HHG: I know you guys worked with a ton of artists in your careers. How was it working together?
KRS: That shit was hot. That shit was crazy hot. It was actually a dream come true. You could imagine what it’s like to record with somebody you always wanted to record with. That’s a dream come true. It was brilliant. You see, what’s Survival Skills is going to do as an album is really show what the excitement is about in Hip-Hop with us coming together. When you come together with certain artists, they don’t have the same appeal. Like it was a good project—it was cool, but it didn’t show you anything different from what you already knew. This project I think with its international appeal, with its street-toned yet conscious lyrics, the amount of producers, guest appearances--who grew up with us, really made it dope. It really made it creative.
HHG: Now this question is directed to you Buck. How did the album for you come about?
BS: I like the concept of reminding everybody that the rhymes don’t play a part. I mean we could sit here, and take all the credit, but we’re not. I’m sitting here and learning more and more each day that it’s really a thing of believing in yourself, believing in the creator, and believing in like things like this will happen. It really is that powerful. I wouldn’t sit here and say, “Yeah, me and Chris were thinking about getting on the stage to put together this album, represent what we do together on stage, and give the people what they want.” But, all these things were already in the works of the creator. We’ve been receiving messages, and we’ve fine-tuned that. You know what I’m saying? And we put that together in the form of an album. This is something that people are going to appreciate. This is gonna change the world man. It really is. It’s gonna change the world because the buzz of the album is dangerous. You know, it’s there because it’s unifying both fan bases, both cultures, both everything. Oh my goodness man. (Laughs)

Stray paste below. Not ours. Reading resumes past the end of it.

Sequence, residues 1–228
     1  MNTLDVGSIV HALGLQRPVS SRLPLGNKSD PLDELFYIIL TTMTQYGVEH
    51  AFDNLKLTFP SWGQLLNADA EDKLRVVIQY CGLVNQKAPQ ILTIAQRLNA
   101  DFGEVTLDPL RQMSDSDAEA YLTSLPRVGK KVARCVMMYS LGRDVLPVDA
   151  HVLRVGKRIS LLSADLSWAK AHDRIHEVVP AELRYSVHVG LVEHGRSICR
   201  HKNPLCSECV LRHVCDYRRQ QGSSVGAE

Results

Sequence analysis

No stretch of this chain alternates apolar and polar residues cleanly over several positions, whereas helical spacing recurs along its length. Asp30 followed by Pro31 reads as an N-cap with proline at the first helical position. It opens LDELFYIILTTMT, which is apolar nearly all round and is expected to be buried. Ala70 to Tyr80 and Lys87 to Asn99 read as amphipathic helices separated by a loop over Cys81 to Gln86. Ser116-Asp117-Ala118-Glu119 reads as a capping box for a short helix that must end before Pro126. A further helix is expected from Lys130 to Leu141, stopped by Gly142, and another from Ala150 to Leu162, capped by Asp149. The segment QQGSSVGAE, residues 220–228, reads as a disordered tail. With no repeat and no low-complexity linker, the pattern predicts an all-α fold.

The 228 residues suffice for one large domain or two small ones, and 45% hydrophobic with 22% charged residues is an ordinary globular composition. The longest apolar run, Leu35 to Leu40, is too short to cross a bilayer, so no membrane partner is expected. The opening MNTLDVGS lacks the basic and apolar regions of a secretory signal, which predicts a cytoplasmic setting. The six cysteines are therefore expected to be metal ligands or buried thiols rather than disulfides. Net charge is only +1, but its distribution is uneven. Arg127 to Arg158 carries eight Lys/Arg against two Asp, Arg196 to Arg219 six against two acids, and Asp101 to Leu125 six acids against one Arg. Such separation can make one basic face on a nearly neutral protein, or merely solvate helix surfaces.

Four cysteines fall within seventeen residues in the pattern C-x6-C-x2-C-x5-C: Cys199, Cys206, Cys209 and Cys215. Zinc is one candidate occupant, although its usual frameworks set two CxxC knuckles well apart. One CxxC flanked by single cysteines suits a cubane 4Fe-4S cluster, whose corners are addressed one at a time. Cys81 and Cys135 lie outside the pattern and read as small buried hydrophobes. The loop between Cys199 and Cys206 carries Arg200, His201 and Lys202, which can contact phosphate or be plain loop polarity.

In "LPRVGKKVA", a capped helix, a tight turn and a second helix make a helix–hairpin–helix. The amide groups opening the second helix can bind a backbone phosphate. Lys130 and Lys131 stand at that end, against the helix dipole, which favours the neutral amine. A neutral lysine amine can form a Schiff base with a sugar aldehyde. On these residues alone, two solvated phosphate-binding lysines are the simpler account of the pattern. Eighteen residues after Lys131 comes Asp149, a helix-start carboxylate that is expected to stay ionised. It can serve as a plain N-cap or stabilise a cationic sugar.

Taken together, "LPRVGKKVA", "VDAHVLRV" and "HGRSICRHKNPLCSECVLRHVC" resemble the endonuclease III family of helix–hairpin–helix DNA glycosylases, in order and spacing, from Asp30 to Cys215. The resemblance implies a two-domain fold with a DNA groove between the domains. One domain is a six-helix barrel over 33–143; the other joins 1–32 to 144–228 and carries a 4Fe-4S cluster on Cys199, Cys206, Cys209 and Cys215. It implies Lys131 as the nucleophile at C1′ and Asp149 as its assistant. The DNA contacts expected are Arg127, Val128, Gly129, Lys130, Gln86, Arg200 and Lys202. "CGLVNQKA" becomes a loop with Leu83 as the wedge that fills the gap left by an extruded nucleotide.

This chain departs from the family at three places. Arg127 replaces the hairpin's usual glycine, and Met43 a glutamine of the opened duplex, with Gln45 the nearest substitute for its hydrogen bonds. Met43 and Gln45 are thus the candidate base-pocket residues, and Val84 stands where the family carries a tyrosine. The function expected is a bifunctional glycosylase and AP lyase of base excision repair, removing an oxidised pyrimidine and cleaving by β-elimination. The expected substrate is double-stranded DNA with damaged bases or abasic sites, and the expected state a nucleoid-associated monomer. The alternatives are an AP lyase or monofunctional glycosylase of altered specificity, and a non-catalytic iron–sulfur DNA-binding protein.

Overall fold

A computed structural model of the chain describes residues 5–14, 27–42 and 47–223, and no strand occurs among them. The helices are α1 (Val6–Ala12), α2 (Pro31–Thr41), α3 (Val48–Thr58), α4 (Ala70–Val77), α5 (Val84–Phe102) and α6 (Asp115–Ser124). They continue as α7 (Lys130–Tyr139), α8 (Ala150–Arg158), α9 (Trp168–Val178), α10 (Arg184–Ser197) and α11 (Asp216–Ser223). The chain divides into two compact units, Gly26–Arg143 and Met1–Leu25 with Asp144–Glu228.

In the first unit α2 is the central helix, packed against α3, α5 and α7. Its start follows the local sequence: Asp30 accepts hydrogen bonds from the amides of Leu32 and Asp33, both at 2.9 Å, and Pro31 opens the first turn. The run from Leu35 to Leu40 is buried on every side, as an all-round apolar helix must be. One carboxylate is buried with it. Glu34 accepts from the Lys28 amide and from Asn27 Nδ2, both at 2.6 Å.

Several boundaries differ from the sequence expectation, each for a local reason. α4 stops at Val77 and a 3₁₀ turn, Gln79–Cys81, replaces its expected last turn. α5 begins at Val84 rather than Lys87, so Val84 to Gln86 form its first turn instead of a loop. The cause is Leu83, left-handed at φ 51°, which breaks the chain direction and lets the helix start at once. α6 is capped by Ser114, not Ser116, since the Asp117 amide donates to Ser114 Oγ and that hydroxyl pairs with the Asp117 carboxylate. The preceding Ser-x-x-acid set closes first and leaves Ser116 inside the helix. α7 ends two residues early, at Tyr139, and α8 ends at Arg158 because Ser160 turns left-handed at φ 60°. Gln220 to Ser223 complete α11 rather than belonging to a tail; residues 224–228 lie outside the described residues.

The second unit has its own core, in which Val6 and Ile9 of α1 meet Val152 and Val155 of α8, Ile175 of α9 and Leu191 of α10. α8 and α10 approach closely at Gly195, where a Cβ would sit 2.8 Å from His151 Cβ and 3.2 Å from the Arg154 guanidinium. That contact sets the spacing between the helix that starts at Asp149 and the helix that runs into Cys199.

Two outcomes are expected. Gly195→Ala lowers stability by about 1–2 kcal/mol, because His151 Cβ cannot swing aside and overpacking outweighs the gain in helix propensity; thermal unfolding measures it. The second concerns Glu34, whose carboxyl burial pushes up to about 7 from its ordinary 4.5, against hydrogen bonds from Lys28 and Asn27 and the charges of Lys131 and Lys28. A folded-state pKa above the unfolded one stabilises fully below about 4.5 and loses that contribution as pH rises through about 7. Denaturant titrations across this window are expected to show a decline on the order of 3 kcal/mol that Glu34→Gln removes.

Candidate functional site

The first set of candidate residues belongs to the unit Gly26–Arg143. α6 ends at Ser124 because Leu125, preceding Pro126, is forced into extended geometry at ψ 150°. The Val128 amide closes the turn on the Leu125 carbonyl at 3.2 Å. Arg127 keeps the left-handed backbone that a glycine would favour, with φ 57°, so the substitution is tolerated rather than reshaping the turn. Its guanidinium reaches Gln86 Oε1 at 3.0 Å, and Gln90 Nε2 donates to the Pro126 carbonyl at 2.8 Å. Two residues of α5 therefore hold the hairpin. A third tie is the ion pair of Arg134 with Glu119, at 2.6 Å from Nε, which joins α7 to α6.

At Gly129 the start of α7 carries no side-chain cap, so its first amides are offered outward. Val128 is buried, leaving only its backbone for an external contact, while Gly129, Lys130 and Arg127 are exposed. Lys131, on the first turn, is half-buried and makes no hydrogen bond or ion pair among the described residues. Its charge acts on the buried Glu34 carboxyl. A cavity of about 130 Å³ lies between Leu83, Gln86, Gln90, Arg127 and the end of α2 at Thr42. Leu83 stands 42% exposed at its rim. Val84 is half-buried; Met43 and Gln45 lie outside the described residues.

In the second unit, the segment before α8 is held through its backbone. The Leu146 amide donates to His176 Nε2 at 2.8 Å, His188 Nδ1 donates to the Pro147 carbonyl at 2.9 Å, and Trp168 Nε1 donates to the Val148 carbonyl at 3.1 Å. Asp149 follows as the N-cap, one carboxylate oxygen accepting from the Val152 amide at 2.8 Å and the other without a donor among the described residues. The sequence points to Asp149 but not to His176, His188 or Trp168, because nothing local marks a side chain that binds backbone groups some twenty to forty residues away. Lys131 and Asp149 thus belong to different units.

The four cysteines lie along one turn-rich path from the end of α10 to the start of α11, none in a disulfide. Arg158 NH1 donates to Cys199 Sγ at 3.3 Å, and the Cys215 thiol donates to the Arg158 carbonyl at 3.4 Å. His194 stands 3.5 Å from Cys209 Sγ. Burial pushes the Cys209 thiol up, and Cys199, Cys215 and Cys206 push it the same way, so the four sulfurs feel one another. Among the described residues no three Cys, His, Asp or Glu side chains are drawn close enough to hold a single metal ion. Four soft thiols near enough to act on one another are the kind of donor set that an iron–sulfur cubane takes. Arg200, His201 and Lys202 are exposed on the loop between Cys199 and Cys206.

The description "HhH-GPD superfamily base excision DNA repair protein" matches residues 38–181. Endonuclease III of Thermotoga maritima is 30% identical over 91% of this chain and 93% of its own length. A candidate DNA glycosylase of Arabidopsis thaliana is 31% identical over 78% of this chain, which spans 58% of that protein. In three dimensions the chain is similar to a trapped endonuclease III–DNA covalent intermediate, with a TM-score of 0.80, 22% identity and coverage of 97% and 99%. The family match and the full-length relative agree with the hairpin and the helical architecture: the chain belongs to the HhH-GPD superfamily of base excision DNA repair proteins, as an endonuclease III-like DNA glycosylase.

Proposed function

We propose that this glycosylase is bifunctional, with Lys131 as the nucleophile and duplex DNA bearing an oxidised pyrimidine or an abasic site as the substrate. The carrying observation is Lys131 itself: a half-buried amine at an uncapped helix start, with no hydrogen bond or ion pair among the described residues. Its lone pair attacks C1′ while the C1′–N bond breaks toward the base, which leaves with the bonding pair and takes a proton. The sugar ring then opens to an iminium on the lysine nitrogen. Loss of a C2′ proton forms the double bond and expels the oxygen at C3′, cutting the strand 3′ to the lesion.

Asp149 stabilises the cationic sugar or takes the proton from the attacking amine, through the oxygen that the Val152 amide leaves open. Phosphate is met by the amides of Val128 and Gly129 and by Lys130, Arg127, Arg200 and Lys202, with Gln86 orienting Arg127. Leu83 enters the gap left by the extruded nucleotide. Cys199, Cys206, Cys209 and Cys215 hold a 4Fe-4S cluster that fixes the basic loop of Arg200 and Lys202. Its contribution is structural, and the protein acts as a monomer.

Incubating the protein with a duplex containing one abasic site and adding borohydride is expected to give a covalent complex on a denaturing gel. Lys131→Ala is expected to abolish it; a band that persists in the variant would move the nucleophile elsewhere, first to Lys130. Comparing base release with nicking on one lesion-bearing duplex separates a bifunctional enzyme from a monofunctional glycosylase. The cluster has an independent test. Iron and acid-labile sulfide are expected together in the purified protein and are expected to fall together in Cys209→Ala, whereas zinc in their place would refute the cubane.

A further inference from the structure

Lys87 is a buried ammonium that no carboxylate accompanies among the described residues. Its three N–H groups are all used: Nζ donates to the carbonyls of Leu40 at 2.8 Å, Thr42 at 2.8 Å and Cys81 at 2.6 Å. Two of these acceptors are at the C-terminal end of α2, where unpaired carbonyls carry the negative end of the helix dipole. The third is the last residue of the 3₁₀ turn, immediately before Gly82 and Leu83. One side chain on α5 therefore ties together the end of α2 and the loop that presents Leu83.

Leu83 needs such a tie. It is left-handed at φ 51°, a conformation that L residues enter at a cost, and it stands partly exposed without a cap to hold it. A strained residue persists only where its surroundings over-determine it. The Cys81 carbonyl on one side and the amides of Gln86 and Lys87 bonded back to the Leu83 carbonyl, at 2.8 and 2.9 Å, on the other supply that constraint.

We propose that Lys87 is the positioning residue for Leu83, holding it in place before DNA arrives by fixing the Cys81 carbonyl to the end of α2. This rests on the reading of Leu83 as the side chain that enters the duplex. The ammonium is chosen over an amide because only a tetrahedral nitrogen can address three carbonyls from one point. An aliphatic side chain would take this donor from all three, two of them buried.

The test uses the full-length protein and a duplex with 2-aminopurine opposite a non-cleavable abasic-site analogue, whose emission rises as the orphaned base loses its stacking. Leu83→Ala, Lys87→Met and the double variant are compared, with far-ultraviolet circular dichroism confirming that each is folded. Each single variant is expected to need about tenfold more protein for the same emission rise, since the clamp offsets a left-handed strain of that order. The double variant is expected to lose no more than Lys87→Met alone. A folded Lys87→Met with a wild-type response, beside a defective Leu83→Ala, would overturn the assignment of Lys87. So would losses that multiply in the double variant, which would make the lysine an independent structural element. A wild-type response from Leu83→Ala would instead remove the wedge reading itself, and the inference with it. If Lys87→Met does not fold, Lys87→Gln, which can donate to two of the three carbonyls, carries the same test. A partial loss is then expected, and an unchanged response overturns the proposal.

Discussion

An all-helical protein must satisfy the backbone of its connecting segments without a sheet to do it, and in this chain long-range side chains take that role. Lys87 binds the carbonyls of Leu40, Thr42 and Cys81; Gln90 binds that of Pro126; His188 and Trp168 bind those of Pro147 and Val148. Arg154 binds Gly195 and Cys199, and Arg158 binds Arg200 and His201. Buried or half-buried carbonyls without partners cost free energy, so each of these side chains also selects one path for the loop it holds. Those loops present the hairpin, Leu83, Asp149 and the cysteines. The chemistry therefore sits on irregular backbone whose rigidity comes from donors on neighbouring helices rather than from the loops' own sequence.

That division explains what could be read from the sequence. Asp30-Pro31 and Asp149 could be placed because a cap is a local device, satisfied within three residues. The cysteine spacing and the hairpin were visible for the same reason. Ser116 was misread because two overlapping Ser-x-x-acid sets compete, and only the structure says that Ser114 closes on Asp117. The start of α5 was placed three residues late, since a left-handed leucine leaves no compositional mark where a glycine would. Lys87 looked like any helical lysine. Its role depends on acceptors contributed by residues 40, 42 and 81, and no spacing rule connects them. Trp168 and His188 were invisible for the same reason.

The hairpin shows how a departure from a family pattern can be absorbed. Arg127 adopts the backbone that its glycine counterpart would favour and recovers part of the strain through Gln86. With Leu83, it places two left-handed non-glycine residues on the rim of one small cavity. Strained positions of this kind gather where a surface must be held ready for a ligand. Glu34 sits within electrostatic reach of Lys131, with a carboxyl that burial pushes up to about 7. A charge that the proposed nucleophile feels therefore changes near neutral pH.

HHG: What was the recording process like?
KRS: Quick, pumped.
BS: (laughs) Man Chris (KRS) is a genius. We did a song called the “Clean Up”.
HHG: I heard that.
KRS: Were you able to hear the album yet?